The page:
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alek0
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« Reply #5 on: May 23, 2010, 07:36:36 AM »

One little piece of cooked chicken on the plate with canned food results in no one eating it, even when sprinkled with freeze dried.
But I am stubborn. We'll try with hybrid approach for the time being, and after we move to a new bigger place we'll try again for adding home-cooked meat.

I guess I am reasonably happy with what I am feeding them for canned (smells and looks like real food, simple ingredients, even has "human grade" in big red letters on top of the can) but I am concerned whether they have sufficient variety so I'd like to at least mix in some home-cooked or add some ingredients to their canned. S&S love boiled eggs, Mitzie didn't like it.
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3catkidneyfailure
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« Reply #6 on: May 24, 2010, 01:50:24 PM »

alek, that sounds like a good plan. Mine are somewhere between 70 to 80 percent homemade at this point, and I have almost 2&1/2 years of bloodwork and followup exams that would seem to indicate
with a variety of Strombeck recipes cats stay where they should nutritionwise. Plus they just turn
up their noses at a lot of commercial foods they used to eat when those picky appetite sessions
occur and act like they don't recognize the commercial stuff as food. Turn about is fair play, I guess Grin
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5CatMom
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Posts: 454


« Reply #7 on: May 24, 2010, 03:43:17 PM »

3Cat,

That's some good info.  Thanks for posting.
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What is man without the beasts? If the beasts were gone, men would die from a great loneliness of spirit. For whatever happens to the beasts, soon happens to man. All things are connected - - - Chief Seattle

We are the caretakers of our creatures . . . the peacekeepers of our planet
3catkidneyfailure
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« Reply #8 on: May 25, 2010, 06:48:39 AM »

Still don't have too many opinions on edition two of this book that has adopted AAFCO standards.
Anyone besides me a little leary of the last ten years of pet food research? Or do you find the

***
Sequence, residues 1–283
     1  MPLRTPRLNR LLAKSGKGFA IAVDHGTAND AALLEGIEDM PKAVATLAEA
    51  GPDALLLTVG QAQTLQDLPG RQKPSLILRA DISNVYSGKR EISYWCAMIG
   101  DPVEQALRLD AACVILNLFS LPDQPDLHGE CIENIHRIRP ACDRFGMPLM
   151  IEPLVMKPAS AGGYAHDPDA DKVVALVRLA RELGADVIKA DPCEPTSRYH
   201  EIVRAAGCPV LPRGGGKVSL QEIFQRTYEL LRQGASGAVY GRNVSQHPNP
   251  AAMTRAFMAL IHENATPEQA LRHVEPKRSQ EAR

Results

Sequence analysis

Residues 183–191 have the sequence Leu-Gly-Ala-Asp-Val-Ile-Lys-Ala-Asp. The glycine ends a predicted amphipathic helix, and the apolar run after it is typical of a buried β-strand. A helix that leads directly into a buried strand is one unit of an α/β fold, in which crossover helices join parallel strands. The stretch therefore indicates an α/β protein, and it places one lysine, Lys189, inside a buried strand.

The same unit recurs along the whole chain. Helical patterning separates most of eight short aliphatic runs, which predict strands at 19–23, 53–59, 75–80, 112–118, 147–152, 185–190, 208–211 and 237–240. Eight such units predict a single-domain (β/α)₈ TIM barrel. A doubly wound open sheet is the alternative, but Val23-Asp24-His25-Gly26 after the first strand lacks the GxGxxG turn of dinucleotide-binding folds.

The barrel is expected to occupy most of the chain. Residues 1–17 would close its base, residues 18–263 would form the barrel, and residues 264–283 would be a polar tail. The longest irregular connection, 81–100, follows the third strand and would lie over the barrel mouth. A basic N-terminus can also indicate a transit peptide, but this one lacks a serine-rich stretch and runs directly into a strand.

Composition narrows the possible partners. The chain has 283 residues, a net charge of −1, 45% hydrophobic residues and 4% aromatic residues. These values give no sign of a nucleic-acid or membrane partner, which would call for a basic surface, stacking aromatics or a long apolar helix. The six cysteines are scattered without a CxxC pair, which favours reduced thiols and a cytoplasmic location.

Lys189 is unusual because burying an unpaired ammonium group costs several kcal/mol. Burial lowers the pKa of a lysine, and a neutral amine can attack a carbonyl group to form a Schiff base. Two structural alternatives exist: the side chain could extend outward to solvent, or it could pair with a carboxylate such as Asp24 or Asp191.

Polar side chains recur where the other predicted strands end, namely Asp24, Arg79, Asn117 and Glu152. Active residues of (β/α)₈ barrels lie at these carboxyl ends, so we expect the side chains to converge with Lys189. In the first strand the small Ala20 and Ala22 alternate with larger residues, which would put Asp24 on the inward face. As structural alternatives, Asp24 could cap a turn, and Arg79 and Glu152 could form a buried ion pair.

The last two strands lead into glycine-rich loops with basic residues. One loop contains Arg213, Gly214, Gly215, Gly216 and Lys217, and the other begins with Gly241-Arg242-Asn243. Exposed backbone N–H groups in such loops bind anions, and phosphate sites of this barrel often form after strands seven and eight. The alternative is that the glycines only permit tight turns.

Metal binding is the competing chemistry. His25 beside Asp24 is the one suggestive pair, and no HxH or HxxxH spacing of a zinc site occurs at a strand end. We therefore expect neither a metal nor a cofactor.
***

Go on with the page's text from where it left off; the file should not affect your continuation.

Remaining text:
2nd edition recipes better and more inclusive? I'm no nutrionist; so I'm hoping to learn.
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lesliek
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« Reply #9 on: May 25, 2010, 10:13:15 AM »

I'll have to see if the library has it, I have the edition before it. We need Cato to look at it !
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3catkidneyfailure
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« Reply #10 on: May 25, 2010, 10:25:06 AM »

I got a copy from the library but it had to go back. So that is definitely a way to take a look without spending
$50 or so on the book. And I'd sure like other eyes looking at it, too, before I get really specific about what
I saw at least in the renal section.
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Spartycats
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« Reply #11 on: January 06, 2011, 07:52:47 AM »

Interesting blog post about this book:

http://www.petmd.com/blogs/fullyvetted/2011/jan/home_prepared_diets


« Last Edit: January 06, 2011, 09:03:58 AM by Spartycats » Logged
JustMe
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« Reply #12 on: January 06, 2011, 08:13:11 AM »

Yikes! 
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Replied the glorious cat
For I will whisper into their hearts
That I am always with them
I just am....forever and ever and ever.
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Mark T
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« Reply #13 on: January 06, 2011, 10:28:02 AM »

On the surface, the book referred to in the original post, Home-Prepared Dog and Cat Diets, 2nd Edition, Patricia Schenck  would appear to be a comprehensive and useful book.

However, it contains a major error in that it refers to baking soda as calcium carbonate. Baking soda is listed as an ingredient throughout the recipes. Baking soda is SODIUM bicarbonate not CALCIUM carbonate. Anyone blindly following this would deprive their pets of an essential mineral.

If this serious mistake was allowed through uncorrected I wonder if there are other mistakes. This error is mentioned in 2 reviews on Amazon, but can also be seen three quarters of the way down page 8:

http://www.amazon.com/Home-Prepared-Dog-Diets-Patricia-Schenck/dp/0813801192#reader_0813801192

or in the pdf file linked to previously by 3Cat:  (where are you 3Cat? Cry)
Pages 8 and 12, second paragraph:
http://media.wiley.com/product_data/excerpt/92/08138011/0813801192.pdf
« Last Edit: January 10, 2011, 05:28:04 PM by Mark T » Logged
5CatMom
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« Reply #14 on: January 06, 2011, 11:27:35 AM »

Does anyone know how to contact Dr. Schenck?

Would be helpful to ask her about this, and find out how it happened.

I find several references online, but can't figure out where she practices.
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What is man without the beasts? If the beasts were gone, men would die from a great loneliness of spirit. For whatever happens to the beasts, soon happens to man. All things are connected - - - Chief Seattle

We are the caretakers of our creatures . . . the peacekeepers of our planet